1. Unfortunately no, we were stuck in Hanoi only. We went out to silk village but that’s just on the city outskirts. It seems like an amazing place. My friend and I are thinking of doing Vietnam and Cambodia one day.

  1. What a great organization! By sheer luck (friend of a friend), I spent time in Seoul last summer with a 20-something young woman, and I learned more from her over dinner and a quick walk around than I did the rest of my time there. Glad you are so psyched about your new locale!

    1. There is nothing like mingling with local people to understand where we have landed. And when they are so eager to share their culture, it’s such a pleasure !
      It makes me feel so grateful to be able to encounter such different cultures, and I never got this feeling when I was with expats who tend to complain too fast and too easily 😉 although they are the ones who know where to get the Baguettes and drinkable coffee, and we need them too!
      When you ll come I ll be the newly appointed Minister of Culture, at this pace .. There are some places when it’s not too hard not to work (yet) X

  2. Ohh, that’s wonderful! Bookmarking Hanoi Kids right now, just in case I get a chance to go there. It would be great to start something like that here in Cebu (though I’m not sure how to set it up in such a way as to avoid child predators…)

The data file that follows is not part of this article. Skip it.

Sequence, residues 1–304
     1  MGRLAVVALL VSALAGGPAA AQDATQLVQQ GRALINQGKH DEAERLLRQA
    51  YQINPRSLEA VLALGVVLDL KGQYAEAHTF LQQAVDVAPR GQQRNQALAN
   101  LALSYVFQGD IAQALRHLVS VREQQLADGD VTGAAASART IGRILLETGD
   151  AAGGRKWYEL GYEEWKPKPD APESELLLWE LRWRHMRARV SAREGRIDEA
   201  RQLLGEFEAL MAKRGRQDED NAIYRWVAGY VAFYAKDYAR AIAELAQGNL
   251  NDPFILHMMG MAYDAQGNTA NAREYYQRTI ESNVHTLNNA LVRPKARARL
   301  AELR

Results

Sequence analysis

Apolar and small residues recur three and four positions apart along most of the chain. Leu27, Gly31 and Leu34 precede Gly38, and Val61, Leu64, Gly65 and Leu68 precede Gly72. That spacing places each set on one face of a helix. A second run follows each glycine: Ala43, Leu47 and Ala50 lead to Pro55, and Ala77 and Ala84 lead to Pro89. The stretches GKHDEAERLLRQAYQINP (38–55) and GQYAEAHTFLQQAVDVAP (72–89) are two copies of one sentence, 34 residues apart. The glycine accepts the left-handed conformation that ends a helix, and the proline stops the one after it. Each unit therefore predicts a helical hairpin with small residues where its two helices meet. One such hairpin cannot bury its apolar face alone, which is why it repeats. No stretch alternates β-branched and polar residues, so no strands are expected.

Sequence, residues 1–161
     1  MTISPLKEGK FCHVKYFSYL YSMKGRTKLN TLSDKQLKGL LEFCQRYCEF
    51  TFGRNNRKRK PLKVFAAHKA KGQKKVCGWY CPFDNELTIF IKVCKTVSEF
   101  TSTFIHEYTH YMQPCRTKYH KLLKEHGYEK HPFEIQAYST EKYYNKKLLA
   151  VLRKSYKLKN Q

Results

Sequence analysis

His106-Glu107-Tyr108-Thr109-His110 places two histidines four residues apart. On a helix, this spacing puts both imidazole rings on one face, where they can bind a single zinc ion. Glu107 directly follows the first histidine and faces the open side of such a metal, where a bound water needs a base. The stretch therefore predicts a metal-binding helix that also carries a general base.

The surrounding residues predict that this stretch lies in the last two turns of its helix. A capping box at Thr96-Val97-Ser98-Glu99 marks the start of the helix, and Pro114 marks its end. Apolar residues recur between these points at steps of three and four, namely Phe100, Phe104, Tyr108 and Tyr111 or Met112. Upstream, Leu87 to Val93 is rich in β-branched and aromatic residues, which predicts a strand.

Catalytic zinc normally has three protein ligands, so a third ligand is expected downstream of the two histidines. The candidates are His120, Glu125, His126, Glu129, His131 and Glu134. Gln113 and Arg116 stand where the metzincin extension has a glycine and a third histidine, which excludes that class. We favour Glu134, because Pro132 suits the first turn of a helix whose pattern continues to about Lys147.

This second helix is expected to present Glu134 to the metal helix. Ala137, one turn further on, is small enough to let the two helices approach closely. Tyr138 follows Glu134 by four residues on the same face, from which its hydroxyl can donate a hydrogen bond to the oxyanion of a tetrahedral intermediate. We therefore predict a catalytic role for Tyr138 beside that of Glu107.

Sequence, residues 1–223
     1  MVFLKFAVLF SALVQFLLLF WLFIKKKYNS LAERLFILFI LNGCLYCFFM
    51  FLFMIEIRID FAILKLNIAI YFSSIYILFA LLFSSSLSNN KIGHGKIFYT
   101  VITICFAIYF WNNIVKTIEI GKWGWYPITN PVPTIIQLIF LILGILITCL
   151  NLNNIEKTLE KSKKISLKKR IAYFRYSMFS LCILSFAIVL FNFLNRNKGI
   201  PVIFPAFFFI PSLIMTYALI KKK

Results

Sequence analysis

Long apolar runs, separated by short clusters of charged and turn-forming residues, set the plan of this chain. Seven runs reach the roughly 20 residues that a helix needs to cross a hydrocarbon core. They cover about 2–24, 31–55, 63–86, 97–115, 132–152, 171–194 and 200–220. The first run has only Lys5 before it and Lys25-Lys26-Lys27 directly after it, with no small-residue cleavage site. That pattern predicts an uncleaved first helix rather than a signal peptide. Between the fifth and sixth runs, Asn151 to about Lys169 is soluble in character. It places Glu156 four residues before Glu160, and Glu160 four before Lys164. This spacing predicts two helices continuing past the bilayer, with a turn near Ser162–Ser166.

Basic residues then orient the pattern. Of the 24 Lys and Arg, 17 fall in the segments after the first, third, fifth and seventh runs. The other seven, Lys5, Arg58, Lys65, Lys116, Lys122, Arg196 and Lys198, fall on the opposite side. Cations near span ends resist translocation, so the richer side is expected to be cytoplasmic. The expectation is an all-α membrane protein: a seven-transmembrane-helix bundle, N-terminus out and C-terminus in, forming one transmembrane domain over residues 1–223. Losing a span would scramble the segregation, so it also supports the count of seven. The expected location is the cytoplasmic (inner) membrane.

1. Oh I hope you can make it ! You’d love it (and I ve been here only 2 weeks), as traffic can not scare you anyways 😉
      The kids are all students, and they are the ones calling the taxis. I guess they have a proper briefing when it comes to moving around with strangers. Very good point though, it didn’t even cross my mind …

  3. I am getting more and more interested to visit Vietnam and you are being my inspiration. I found the Hanoikids’ idea fantastic as there is nothing like learning from locals.
    It just occurred to me that perhaps it is not always safe for them to make private tours with strangers. Hope they are all around 20 y/o and older.
    That coffee would have kept me a whole year awake! Poor you being awake till so late.
    Looking forward to hearing more!!

    1. Gaya had exactly the same concern and i must admit I did not even think about it. I noticed that Hang was the one calling the taxis (on her phone, not in the street) and totally running the show.
      But that’s indeed a point. She mentioned that when there are more tourists, she’d come with more volunteers too. And eventually the organisation asked for a copy of my passport. You made me understand why now ..

      Will keep on looking for interesting stories to make sure you’re showing up at some stage 😉 And we’ll have tea, no worries XXX

      1. In fact it was the Philippines infamous stories about abuse that made me think that the same could happen in Vietnam.
        I see that they take measures to protect the kids, so it’s a good sign.

        Please keep sharing your stories. The tea is booked! 😘